Tarantino’s typically eclectic cast includes some aberrations – Roth just gurns, and Mike Myers is indulgent – but also some great picks. Fassbender is mesmerising, and also notable are Daniel Bruhl’s war-hero private, turning from shrewishly shunned to would-be-rapist, and Richard Sammel’s unrepentant soldier, refusing to squeal and so having his head bashed in by Roth as payment. Both Laurent and Kruger make the most of roles that are all about putting on a performance and withholding.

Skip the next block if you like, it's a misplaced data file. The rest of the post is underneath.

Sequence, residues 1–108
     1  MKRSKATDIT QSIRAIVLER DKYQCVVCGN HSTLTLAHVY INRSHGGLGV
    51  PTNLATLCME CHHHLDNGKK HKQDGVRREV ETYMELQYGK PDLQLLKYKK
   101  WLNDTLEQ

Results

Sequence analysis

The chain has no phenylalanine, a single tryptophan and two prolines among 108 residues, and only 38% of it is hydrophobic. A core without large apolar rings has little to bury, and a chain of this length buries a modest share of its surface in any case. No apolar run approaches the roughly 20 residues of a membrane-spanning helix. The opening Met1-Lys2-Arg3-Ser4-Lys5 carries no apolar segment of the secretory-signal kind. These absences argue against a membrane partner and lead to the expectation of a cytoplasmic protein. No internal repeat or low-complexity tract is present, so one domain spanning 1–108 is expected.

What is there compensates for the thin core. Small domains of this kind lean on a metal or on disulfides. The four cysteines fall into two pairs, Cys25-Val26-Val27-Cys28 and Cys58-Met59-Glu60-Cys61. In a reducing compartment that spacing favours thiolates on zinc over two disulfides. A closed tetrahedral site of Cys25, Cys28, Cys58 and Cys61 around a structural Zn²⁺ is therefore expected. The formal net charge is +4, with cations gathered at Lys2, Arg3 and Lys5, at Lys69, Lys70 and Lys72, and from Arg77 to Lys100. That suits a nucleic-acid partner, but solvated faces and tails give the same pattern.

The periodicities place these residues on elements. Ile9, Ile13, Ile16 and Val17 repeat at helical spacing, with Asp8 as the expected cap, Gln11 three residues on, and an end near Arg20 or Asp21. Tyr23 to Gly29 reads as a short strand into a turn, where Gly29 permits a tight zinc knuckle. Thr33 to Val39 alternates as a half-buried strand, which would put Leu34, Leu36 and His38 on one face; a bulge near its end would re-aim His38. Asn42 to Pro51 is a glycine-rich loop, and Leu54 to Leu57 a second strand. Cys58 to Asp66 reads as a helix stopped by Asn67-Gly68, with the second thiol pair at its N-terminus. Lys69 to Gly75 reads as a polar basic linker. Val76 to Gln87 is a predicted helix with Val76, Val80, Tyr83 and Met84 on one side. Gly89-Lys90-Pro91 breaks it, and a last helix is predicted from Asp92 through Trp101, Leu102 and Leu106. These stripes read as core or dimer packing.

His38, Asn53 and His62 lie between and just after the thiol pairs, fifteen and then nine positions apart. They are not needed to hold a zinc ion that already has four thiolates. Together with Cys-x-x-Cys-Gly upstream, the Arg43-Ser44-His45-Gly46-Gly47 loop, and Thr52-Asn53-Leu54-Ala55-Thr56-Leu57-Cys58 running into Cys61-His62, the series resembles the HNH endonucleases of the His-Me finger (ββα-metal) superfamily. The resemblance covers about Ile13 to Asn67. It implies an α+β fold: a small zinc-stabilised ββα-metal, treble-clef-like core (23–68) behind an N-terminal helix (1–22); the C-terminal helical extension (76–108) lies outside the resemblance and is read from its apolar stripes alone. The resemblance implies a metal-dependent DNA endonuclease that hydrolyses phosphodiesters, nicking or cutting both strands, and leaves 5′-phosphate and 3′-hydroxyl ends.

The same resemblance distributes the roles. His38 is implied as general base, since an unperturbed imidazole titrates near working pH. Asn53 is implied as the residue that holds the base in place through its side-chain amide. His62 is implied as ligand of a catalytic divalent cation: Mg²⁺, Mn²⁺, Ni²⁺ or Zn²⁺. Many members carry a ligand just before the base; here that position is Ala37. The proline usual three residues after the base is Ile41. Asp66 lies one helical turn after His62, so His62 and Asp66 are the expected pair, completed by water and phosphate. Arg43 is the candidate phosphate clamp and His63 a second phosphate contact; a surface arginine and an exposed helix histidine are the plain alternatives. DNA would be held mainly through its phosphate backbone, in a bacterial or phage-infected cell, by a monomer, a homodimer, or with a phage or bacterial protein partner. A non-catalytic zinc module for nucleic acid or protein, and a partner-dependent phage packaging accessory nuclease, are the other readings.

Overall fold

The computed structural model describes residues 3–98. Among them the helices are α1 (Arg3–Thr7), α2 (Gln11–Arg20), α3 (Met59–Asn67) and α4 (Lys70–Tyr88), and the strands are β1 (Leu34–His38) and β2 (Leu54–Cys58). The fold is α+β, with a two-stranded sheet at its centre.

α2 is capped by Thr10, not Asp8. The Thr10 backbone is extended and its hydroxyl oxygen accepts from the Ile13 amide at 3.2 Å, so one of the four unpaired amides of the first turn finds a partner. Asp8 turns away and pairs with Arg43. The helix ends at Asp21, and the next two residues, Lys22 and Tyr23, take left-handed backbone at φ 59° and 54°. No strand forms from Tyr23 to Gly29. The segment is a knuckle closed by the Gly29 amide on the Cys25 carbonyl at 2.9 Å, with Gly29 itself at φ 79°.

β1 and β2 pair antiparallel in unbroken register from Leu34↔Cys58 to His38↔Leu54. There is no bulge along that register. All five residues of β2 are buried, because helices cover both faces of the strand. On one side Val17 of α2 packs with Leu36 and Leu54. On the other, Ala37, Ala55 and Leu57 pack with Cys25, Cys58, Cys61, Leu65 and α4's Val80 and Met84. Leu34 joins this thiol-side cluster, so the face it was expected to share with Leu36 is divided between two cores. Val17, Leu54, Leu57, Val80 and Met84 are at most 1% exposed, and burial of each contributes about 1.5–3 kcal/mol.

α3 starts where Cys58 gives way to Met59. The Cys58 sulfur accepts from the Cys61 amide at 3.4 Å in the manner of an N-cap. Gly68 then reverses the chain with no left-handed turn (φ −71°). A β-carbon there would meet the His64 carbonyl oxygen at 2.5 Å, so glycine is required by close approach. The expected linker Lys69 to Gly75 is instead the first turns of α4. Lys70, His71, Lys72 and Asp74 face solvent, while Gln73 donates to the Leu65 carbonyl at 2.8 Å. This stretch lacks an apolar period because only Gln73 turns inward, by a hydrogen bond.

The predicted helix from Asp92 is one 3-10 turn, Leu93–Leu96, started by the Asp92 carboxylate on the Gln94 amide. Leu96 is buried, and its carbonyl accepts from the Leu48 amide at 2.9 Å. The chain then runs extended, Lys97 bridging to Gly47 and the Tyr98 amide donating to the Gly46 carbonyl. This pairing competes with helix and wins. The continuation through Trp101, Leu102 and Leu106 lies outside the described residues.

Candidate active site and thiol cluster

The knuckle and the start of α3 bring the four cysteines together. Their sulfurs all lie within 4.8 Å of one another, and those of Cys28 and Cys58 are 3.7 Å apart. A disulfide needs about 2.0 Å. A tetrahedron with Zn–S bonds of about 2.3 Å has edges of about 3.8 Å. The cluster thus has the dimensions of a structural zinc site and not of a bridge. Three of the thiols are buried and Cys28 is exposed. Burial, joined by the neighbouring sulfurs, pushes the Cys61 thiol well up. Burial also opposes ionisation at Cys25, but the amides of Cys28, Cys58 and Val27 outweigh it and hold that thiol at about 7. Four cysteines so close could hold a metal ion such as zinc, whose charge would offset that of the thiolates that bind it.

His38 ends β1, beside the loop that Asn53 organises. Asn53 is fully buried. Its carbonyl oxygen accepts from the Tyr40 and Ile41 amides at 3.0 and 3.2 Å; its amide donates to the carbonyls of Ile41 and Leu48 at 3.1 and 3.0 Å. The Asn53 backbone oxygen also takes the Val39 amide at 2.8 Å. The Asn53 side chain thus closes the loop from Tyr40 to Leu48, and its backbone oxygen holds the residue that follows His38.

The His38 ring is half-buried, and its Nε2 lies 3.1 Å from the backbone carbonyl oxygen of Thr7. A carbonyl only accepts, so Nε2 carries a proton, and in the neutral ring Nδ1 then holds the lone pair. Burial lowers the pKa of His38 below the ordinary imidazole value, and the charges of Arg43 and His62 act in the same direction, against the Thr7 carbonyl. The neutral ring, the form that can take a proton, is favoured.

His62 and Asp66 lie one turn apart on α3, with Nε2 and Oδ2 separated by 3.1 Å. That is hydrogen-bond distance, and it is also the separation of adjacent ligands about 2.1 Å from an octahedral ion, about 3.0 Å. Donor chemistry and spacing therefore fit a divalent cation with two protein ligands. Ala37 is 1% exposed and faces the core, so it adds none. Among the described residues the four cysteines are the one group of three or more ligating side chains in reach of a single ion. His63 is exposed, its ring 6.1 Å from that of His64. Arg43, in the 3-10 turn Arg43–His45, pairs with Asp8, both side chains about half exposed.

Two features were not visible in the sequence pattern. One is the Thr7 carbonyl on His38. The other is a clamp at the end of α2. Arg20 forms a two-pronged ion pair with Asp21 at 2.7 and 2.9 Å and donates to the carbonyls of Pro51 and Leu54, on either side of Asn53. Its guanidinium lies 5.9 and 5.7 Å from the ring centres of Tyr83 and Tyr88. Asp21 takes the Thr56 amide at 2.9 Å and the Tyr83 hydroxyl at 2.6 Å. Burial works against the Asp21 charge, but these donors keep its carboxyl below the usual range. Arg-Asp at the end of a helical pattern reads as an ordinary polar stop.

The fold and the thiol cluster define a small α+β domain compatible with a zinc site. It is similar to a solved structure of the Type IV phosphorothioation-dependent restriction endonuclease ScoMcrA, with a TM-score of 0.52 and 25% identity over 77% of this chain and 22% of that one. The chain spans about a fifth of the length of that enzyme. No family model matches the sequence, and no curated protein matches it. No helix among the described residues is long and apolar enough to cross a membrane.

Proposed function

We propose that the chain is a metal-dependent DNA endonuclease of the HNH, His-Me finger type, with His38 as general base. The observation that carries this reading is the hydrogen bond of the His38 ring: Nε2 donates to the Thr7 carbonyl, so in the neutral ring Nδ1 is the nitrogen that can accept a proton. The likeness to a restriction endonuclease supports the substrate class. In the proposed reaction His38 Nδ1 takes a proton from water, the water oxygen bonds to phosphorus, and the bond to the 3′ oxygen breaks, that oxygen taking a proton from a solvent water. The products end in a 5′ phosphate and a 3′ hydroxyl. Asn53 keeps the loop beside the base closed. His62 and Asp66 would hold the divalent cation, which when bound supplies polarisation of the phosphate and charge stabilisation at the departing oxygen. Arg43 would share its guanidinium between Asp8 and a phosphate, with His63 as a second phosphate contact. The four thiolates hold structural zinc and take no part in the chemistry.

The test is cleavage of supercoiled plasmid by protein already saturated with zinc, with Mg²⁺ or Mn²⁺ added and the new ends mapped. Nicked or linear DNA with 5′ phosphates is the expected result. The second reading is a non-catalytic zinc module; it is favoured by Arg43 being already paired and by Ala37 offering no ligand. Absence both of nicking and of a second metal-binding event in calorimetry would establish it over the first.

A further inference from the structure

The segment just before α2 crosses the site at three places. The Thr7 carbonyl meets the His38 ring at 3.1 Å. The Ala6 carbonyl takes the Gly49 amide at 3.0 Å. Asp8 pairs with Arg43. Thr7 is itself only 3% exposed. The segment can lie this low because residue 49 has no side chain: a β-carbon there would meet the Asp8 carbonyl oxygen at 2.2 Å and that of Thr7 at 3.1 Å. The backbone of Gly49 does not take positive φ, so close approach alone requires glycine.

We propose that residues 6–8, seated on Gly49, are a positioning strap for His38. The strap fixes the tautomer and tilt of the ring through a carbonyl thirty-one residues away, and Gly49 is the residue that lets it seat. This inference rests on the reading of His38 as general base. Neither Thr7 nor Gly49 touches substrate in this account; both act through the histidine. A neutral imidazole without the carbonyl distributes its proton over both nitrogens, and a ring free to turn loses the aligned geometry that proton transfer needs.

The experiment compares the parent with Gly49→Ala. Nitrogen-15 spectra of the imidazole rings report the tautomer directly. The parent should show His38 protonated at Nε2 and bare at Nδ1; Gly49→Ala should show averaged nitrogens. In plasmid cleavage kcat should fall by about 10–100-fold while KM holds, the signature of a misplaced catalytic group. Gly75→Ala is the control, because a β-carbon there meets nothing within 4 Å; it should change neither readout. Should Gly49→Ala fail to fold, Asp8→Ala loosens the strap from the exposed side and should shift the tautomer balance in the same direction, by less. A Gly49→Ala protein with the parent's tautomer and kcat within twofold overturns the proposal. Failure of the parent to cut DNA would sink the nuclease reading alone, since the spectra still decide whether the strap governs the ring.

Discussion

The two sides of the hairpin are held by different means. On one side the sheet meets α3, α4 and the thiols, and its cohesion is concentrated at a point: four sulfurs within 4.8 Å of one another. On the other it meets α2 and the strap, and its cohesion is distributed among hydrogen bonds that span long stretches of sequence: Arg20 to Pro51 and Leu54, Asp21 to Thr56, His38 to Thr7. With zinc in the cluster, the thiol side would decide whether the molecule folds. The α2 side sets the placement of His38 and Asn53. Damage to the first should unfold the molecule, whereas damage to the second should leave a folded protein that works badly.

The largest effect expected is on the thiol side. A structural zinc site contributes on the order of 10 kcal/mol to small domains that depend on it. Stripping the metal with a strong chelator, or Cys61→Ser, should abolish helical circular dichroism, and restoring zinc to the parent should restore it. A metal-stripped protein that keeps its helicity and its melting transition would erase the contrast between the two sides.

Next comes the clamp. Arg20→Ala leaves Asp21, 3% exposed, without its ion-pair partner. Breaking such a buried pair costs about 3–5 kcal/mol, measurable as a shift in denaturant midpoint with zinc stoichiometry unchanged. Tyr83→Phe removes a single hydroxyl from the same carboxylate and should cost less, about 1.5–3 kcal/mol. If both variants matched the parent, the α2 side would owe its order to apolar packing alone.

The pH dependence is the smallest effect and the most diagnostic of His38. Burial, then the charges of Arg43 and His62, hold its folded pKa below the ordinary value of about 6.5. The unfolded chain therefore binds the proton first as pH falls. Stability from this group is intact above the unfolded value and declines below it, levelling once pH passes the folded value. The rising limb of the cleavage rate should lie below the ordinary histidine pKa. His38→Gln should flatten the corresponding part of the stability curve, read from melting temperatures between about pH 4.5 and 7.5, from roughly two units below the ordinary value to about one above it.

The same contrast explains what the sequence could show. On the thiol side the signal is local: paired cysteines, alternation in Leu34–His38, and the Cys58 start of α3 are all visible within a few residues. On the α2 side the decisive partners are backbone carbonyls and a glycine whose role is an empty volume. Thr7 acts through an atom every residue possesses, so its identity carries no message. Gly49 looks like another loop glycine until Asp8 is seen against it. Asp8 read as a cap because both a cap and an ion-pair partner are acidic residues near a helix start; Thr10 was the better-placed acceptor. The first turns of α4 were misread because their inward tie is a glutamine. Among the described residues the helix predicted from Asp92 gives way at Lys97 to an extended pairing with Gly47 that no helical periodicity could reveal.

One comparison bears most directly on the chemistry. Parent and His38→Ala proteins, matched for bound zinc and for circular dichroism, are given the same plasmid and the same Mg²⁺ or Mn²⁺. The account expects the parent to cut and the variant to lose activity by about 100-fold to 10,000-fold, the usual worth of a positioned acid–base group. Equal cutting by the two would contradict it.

I should emphasise, though, that while I think Inglourious Basterds is a return to form, it’s by no means without fault. There are longueurs (although nothing on the level Bradshaw suggests), part and parcel of Tarantino’s cineaste inter-referential indulgence. His foot fetish is also alive and well (Diane Kruger is his latest #MeTootsiesToo victim). And while his overpowering need to drop Morricone into scenes feels more germane here than in Kill Bill, it’s still a lazy crutch. In general, though, as one who tends to the side of regarding the director as overrated, I admire the way in which Inglourious Basterds is simultaneously about something and as shallow as it gets. There are times when that kind of approach can simply be indulgent or tiresome, but here the director’s enthusiasm is infectious.